The presence of transnational corporations is felt across the global economy. The sustained research and advocacy work of non-governmental organisations, activists and lawyers have cast public attention on the involvement of transnational corporations in human rights abuses and international crimes, particularly in the Global South. Despite a growing global consensus about the need to ensure minimal labour, human rights and environmental standards for transnational corporations and their supply chains, attaining accountability for corporate human rights abuses or their complicity with military regimes, dictatorships and armed groups remains a work in progress.
This Fundamental Rights in Practice event focuses on the opportunities and challenges for holding transnational corporations accountable when they commit human rights abuses, both through litigation before courts as well as through the introduction of domestic legislative frameworks.
Panel members will share their litigation experience before national and international courts in recent and ongoing cases, including: the call upon the ICC to investigate the legal responsibility of corporate actors for alleged war crimes committed in Yemen; the lawsuit of the Mexican indigenous community, Unión Hidalgo, before French courts against the French company EDF, which is planning to build power stations on the territory of the community as well as the lawsuit of Nigerian citizens affected by oil leaks from pipelines and their associated infrastructure against companies of the Shell group before the Supreme Court of the United Kingdom. The discussion will also centre on legislative measures states have taken and can take in the future to prevent transnational corporations’ involvement in human rights abuses and to hold them to account.
This event is hosted by the Centre for Fundamental Rights at the Hertie School in collaboration with the Hertie School’s London Alumni Chapter and in association with the Interest Group on International Human Rights Law of the European Society of International Law.
Başak Çalı is Professor of International Law at the Hertie School and Co-Director of the School's Centre for Fundamental Rights. She is the Chair of European Implementation Network and a Fellow of the Human Rights Centre of the University of Essex. Çalı has acted as a Council of Europe expert on the European Convention on Human Rights since 2002.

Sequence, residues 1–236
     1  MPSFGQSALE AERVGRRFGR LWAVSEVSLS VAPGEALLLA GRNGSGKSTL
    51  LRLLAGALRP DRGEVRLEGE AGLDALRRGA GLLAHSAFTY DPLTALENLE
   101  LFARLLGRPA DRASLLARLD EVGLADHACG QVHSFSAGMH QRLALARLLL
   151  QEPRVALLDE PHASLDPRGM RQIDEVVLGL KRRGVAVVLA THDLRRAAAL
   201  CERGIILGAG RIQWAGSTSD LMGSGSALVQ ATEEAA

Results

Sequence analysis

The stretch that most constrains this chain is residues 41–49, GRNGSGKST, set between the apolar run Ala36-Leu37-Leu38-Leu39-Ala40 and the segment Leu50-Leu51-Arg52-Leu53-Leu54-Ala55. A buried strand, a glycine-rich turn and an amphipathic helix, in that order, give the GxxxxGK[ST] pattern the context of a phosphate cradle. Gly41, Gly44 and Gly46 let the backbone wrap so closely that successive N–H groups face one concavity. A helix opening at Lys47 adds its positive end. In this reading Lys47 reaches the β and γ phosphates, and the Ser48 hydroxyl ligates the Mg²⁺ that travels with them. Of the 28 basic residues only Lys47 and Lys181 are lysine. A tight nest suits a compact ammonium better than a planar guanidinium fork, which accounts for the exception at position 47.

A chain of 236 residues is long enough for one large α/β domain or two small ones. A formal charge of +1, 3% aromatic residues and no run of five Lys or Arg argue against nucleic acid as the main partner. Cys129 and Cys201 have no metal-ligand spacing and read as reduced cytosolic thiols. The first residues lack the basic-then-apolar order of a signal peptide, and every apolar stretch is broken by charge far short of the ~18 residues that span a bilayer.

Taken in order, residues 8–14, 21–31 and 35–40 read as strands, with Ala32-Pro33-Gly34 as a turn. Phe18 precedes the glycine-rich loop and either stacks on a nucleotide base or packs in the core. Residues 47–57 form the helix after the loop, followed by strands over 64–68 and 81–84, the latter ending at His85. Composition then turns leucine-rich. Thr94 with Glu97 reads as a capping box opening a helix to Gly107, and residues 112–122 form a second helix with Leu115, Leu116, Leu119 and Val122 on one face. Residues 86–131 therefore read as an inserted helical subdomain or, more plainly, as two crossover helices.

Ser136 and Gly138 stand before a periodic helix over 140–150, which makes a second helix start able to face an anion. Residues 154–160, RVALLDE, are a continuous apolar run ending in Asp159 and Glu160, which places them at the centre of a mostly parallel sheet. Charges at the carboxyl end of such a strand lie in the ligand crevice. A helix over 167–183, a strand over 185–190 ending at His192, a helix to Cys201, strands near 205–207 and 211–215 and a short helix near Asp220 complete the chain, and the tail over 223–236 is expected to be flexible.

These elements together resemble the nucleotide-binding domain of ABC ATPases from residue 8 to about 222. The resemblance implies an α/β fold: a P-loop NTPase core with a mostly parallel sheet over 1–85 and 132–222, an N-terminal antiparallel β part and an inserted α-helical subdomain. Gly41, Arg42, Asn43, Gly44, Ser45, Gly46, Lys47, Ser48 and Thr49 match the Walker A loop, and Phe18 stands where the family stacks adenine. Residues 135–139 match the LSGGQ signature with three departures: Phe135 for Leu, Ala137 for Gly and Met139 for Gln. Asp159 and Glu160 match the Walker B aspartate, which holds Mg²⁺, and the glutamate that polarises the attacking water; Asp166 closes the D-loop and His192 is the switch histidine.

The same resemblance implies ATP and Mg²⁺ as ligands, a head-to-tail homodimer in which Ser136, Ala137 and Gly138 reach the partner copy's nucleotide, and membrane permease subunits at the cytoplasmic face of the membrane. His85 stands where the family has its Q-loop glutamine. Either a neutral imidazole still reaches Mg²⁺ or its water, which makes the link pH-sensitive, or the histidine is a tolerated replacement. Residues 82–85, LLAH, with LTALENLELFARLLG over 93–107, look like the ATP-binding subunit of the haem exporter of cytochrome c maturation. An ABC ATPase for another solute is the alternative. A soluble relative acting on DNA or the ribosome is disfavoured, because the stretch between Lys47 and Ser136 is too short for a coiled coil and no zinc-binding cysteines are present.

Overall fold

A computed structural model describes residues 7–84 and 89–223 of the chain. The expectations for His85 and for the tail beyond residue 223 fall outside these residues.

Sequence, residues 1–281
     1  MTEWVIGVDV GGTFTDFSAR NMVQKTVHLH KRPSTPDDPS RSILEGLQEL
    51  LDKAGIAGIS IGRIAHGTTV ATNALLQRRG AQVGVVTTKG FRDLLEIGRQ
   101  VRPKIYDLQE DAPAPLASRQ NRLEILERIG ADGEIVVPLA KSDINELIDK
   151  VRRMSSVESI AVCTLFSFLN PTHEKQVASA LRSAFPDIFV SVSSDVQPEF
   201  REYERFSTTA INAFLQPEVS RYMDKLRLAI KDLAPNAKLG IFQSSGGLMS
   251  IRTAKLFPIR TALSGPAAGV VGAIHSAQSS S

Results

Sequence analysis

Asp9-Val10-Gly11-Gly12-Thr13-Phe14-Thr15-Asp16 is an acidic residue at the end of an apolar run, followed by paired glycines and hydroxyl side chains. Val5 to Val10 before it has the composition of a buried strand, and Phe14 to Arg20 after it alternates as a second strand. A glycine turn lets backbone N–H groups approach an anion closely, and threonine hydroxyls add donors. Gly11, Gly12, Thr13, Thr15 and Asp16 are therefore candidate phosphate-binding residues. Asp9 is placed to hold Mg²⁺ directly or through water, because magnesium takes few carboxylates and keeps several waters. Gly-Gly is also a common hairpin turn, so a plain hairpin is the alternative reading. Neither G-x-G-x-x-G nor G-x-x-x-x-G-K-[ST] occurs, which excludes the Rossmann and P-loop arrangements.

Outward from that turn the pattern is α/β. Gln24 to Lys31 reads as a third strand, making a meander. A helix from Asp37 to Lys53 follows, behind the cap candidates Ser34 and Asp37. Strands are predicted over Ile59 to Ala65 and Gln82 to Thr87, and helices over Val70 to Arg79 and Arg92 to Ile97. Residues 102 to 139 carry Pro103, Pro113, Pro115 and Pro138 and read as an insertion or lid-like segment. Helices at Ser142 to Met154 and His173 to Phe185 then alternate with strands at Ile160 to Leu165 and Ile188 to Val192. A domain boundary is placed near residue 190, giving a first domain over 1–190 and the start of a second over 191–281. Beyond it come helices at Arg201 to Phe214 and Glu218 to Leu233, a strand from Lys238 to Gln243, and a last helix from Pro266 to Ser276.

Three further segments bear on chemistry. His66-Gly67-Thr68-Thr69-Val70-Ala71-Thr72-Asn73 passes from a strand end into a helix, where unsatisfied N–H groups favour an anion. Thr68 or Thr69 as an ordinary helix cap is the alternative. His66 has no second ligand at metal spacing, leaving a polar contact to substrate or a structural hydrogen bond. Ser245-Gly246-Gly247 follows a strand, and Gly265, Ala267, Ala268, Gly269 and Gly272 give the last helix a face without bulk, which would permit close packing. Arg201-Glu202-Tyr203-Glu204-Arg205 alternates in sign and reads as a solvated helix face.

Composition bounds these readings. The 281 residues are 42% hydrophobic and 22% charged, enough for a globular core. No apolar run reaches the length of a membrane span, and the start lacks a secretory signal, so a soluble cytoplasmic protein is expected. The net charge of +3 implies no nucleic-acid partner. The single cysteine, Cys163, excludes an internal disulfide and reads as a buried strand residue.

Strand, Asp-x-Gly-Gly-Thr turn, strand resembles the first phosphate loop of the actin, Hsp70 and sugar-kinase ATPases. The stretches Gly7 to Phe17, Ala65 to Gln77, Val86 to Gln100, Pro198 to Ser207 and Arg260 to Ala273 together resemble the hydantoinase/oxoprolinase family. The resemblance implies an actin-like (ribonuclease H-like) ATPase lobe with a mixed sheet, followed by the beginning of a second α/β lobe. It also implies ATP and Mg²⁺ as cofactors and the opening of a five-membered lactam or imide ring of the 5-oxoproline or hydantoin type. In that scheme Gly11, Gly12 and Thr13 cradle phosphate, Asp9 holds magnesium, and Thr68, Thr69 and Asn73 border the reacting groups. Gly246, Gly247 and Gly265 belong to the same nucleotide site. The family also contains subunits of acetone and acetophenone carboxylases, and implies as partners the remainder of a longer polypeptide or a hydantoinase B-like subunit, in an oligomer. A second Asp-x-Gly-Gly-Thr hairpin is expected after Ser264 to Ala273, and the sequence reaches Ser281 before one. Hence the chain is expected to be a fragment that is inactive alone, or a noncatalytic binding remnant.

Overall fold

Anna Hoffmann graduated from the Hertie MPP programme in 2015. She is currently a barrister (litigation lawyer) in the UK focusing on the intersection of business and human rights. She teaches advocacy at the Inns of Court in London and has remained involved with the Hertie moot court team, having been a member of the first team Hertie sent to the Jessup competition.
Cannelle Lavite is a legal advisor at the ECCHR’s Business and Human Rights Programme. She studied law at the Université de Toulouse in France and was awarded a Master of Law with a specialization in corporate governance and criminal law from the Université de Montréal, Canada, and the Université de Lyon, France. Cannelle has worked for several local organizations in Brazil and Mongolia focusing on socio-economic rights as well as at Human Rights Watch on the trial of Hissène Habré.
Pierre Thielbörger is Professor of German Public Law and International Law, with a focus on International Law of Peace and Armed Conflict, at the Ruhr University Bochum. He is also Executive Director of the Institute for the International Law of Peace and Armed Conflict in Bochum. He is Chairman of the General Assembly of the Europe-wide "Network on Humanitarian Action" (NOHA) as well as the co-convener of the interest group on human rights at the European Society of International Law (ESIL).
Alexandra Lily Kather LL.M., is a visiting fellow at the Centre for Fundamental Rights 2020-2021. She is a legal consultant in international criminal justice, transitional justice and human rights with expertise in investigation, capacity-building, policy-oriented research and advocacy.
This event is hosted by the Centre for Fundamental Rights at the Hertie School in collaboration with Hertie School’s London Alumni Chapter and in association with the Interest Group on International Human Rights Law of the European Society of International Law.
Prior registration is required. Registered attendees will receive the dial-in details via e-mail prior to the event.